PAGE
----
Heparin may cause you to bleed more easily, which can be severe or life-threatening. You may also have bleeding on the inside of your body. Seek emergency medical attention if you have:

  • skin warmth or discoloration;

  • chest pain, irregular heartbeats;

  • shortness of breath, dizziness, anxiety, sweating;

  • any unusual bleeding or bruising;

  • severe pain or swelling in your stomach, lower back, or groin;

  • dark or blue-colored skin on your hands or feet;

  • nausea, vomiting, loss of appetite;

  • unusual tiredness;

  • any bleeding that will not stop; or

  • nosebleed, blood in your urine or stools, black or tarry stools, or coughing up blood or vomit that looks like coffee grounds.

Heparin can cause you to have bleeding episodes while you are using it and for several weeks after you stop.

Bleeding may be more likely in older adults, especially women over 60 years of age

Stop using this medicine and call your doctor at once if you have:

  • skin changes where the medicine was injected;

  • fever, chills, runny nose, or watery eyes;

  • easy bruising, unusual bleeding, purple or red spots under your skin; or

  • signs of a blood clot – sudden numbness or weakness, problems with vision or speech, swelling or redness in an arm or leg.

Common heparin side effects may include:

  • unusual bleeding or bruising;

  • uncontrolled bleeding;

  • allergic reactions; or

  • abnormal liver function tests.

This is not a complete list of side effects and others may occur. Call your doctor for medical advice about side effects. You may report side effects to FDA at 1-800-FDA-1088.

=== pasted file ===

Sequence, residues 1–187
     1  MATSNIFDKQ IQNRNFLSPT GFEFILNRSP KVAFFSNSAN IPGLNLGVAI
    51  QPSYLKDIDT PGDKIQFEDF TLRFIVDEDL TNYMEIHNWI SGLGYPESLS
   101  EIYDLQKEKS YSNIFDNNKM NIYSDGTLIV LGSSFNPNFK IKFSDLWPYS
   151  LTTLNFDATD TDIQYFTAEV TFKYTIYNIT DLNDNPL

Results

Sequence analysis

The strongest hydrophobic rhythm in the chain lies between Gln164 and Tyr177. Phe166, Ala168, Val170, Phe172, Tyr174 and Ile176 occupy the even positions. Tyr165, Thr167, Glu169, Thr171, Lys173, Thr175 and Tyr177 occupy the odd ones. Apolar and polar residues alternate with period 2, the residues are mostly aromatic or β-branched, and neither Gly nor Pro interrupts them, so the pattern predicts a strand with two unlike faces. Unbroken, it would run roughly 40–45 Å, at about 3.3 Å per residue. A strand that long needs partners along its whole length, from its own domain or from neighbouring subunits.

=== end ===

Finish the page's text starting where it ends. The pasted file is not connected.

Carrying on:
What other drugs will affect heparin injection?

Ask your doctor before taking a nonsteroidal anti-inflammatory drug (NSAID) such as aspirin, ibuprofen (Advil, Motrin), naproxen (Aleve), celecoxib, diclofenac, indomethacin, meloxicam, and others. Using an NSAID with heparin may cause you to bruise or bleed easily.

Tell your doctor about all your other medicines, especially:

  • a blood thinner – warfarin, Coumadin, Jantoven;

  • digitalis;

  • tetracyclines;

  • nicotine; or

  • antihistamines.

This list is not complete and many other drugs may interact with heparin. This includes prescription and over-the-counter medicines, vitamins, and herbal products. Not all possible drug interactions are listed here.

Further information

Remember, keep this and all other medicines out of the reach of children, never share your medicines with others, and use heparin only for the indication prescribed.

Always consult your healthcare provider to ensure the information displayed on this page applies to your personal circumstances.

Copyright 1996-2020 Cerner Multum, Inc. Version: 15.01.